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I have done a little bit of research on this and looked through a few articles both here on StackOverflow as well as some blog posts, but haven't found an exact answer. I also read that it is possible to do it using the 4.0 framework, but have yet to find any supporting evidence.

So my question, is it possible to perform SOUNDEX via a LINQ to SQL Query?

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up vote 16 down vote accepted

You can do this at the database, by using a fake UDF; in a partial class, add a method to the data context:

    [Function(Name="SoundEx", IsComposable = true)]
    public string SoundsLike(string input)
        throw new NotImplementedException();

You can use as an expression like:

    x => db.SoundsLike(x.QuoteValue) == db.SoundsLike("text")

Initial idea from:

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For those whho tried with newer versions: (and for my own future reference) [DbFunction("SqlServer","SOUNDEX")] – Mario The Spoon Jul 6 '15 at 18:02

Add a udf as below

CREATE FUNCTION [dbo].[udfSoundex]
    @Soundex nvarchar(100)
RETURNS nvarchar(100)
    RETURN Soundex(@Soundex)

Simply drag it from server explorer onto you data context in the visual studio dbml file and use it in code as a method exposed on your datacontext class..

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That is precisely something which is demonstrated in "LINQ to Objects Using C# 4.0" by Troy Magennis.

EDIT: Adding example tid-bits and clarification: the author's example is for LINQ to objects rather than LINQ to SQL. The author simply made an IEqualityComparer, some pieces of which looked like this...

public class SoundexEqualityComparer : IEqualityComparer<string>
  public bool Equals(string x, string y)
     return GetHashCode(x) == GetHashCode(y);

  public int GetHashCode(string obj)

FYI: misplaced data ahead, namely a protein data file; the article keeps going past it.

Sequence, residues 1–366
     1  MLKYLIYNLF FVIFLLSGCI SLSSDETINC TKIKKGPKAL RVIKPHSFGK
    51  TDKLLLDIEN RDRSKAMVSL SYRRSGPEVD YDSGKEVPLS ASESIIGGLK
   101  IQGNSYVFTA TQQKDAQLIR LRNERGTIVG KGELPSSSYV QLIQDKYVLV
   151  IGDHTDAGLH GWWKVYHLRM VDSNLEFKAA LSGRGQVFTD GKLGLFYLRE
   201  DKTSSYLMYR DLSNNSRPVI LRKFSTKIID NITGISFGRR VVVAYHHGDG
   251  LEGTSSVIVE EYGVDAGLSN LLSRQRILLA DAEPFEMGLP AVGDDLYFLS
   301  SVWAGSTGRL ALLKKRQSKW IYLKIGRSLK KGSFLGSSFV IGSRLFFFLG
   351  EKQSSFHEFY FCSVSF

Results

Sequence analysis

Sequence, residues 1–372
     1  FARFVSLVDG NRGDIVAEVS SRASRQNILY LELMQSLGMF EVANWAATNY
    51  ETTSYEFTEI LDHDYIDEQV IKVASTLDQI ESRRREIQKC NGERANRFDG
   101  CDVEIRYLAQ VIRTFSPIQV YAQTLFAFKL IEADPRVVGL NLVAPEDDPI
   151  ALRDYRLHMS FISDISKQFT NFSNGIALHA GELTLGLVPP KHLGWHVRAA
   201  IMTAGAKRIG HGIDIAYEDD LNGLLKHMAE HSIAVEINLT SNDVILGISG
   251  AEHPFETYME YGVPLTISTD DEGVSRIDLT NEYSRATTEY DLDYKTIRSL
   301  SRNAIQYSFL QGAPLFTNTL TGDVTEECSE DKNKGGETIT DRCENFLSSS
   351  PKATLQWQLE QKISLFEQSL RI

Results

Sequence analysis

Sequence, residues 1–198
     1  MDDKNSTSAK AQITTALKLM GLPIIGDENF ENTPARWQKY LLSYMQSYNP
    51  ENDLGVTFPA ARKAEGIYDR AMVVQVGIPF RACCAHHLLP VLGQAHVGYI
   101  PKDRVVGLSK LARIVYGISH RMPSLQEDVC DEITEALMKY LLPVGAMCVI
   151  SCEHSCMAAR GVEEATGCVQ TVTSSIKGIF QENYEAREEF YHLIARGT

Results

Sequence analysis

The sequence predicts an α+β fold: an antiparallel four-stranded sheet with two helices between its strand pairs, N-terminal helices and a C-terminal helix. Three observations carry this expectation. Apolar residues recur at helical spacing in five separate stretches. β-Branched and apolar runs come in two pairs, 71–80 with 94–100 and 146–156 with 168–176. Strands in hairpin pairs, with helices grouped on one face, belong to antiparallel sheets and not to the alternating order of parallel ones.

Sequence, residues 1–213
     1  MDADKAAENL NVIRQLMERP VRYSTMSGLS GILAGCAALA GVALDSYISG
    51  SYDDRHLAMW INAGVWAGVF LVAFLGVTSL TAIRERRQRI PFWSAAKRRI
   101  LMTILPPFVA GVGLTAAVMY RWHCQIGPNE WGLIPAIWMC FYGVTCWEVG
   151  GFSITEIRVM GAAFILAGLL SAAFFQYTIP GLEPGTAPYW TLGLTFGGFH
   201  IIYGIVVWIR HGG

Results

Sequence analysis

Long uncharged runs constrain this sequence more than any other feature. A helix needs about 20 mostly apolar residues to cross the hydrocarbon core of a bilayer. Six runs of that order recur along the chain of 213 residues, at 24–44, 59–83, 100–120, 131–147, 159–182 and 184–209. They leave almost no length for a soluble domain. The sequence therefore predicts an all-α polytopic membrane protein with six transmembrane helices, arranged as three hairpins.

//e.g. convert soundex code A123,
     //to an integer: 65123
     int result = 0;

     string s = soundex(obj);
     if (string.IsNullOrEmpty(s) == false)
        result = Convert.ToInt32(s[0]) * 1000 +
                 Convert.ToInt32(s.Substring(1, 3));
     return result;

  private string soundex(string s)
     //e.g. book's implementation omitted for this post.

//example usage (assuming an array of strings in "names")
var q = names.GroupBy(s => s, new SoundexEqualityComparer() );
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And for those who don't have the book, do you have an example? – Pierre-Alain Vigeant Jun 7 '10 at 21:01
Though I thank you for the response Mystagogue, an example or a link to an example would be more beneficial than a link to a book I can purchase. – Steve Hayes Jun 7 '10 at 21:16

Since .net 4 this will work as well:

from p in mytable
where SqlFunctions.SoundCode(p.MyRow) == SqlFunctions.SoundCode("test")
select p

More info here:

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This appears to be a reference to Entity Framework and NOT Linq to SQL which explains why there are no up-votes. – jpierson Jun 4 '13 at 22:29
@jpierson True, my bad. But I found this question searching for an EF solution, so maybe it will help someone. – Marthijn Jun 7 '13 at 9:11

On the SQL Server, you can wrap SOUNDEX in a UDF (User-Defined function). You can add that to your DataContext class, and then you should be able to use it through the DataContext.

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Would you be able to provide an example of this please? – Steve Hayes Jun 7 '10 at 21:17

You can also use the SqlFucntions.Difference method, which maps to the Soundex function:

SqlFunctions.Difference(string, string) returns int - the higher the return value, the more "similar" the strings are.

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This is EF, not Linq To SQL. – AJ Henderson Mar 29 at 15:18

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